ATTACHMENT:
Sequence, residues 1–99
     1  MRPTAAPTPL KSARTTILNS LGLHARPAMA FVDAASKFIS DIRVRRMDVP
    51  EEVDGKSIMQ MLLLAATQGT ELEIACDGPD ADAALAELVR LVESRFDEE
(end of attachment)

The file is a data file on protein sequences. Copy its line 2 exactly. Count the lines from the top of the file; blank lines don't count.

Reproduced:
     1  MRPTAAPTPL KSARTTILNS LGLHARPAMA FVDAASKFIS DIRVRRMDVP